Who are the bands that inspire your band’s sound?
Our upcoming album is heavily inspired by The Abigails, The Growlers, Enio Morricone, The Doors, Iggy Pop, and a load of other stuff. Our sound is sort of similar to bands like The Oh Sees, Ty Segall, and Kind Gizzard. It’s super heavy garage psych, but we’ve incorporated a western influence recently.
Where do you practice / how often ?
We practice at our guitar player Jesse’s house about once a week or once every two weeks.
What have you taken away from playing live?
There’s almost nothing I love doing more. Live shows are one of the things I genuinely enjoy the most in my life, and I hope to be doing it for the rest of my life. It’s also made me realize how important it is to be close to your band. Tension in the band leads to actual sonic tension on stage. I’m so glad to be in the band with Jesse, Carter, and Callum. They’re three of the best friends I’ve ever had. I think our friendship and group energy translates well into our live performance.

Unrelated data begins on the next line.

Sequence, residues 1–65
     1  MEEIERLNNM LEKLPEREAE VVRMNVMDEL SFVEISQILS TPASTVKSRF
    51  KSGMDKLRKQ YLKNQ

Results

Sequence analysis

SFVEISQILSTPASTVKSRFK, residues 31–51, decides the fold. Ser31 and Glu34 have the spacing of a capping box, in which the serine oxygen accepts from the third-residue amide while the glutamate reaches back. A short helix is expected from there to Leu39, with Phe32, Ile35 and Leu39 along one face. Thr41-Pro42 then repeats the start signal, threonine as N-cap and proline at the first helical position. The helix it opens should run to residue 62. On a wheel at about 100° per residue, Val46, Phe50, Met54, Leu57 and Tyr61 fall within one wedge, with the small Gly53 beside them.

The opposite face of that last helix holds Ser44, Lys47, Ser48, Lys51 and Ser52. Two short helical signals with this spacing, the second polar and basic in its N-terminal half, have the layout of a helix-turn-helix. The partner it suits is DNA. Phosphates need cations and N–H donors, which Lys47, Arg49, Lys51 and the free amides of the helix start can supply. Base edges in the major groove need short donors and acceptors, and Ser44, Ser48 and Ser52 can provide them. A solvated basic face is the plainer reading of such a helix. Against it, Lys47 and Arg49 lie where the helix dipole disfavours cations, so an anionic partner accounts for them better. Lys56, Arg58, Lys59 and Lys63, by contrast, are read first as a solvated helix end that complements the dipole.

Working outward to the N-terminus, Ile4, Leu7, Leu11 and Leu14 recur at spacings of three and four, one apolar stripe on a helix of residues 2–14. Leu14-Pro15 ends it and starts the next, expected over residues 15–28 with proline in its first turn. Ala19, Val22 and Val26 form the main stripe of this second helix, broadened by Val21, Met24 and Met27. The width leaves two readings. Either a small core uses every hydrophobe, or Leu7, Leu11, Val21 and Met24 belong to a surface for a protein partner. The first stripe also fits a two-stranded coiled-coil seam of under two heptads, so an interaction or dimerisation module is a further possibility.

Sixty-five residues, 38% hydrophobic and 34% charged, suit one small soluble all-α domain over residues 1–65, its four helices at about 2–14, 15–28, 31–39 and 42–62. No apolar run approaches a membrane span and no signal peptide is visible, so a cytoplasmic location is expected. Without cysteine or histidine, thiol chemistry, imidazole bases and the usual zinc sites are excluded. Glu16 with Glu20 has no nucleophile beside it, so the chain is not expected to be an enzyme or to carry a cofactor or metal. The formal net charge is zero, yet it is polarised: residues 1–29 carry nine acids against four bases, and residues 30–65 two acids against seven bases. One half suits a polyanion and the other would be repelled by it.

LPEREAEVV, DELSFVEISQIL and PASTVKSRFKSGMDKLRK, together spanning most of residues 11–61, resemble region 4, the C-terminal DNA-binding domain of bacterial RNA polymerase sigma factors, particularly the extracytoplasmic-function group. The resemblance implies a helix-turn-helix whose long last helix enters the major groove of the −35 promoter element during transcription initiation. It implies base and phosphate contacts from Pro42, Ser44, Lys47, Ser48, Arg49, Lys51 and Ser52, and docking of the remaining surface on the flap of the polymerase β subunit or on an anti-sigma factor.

What does pre show preparation involve?
I have killer carpal tunnel and some mild back pain, so I stretch a LOT. Sometimes I follow yoga videos if it’s a particularly large/stressful show. I think my constant stretching and yoga everywhere we go gets on the guys nerves, but they never say anything about it. I actually have no shame about it, I’ll stretch in the middle of the venue if I feel I need to.
Are you exhausted after a show?
When I play a show that I’m not proud of I’m so tired that I could sink into the dirt and die for all I care. I completely shut off and usually try to dip as fast as possible. I’ve actually run straight out the back door of venues and immediately tried to sleep in my car. Bad gigs do a number on me. BUT I could stay up all night on the rush of a good show though, so it really depends.
What’s the most unusual/funny thing to ever happen to you at a gig?
I think our gig opening for Calpurnia was the most hilarious and bizarre. We’re just your local dive bar garage rock band, but teenagers were swarming us asking for autographs and treating us like celebrities. People were screaming and waving at us when we were loading in. We gained over 400 Instagram followers in one night. I still get stopped in public and treated like I’m actually famous. Obviously I’m not though. I sleep in my minivan on tour because I can’t afford a hotel. Very surreal and funny feeling like a big time band for one night.
What appeals to you about a magazine like Tom Tom?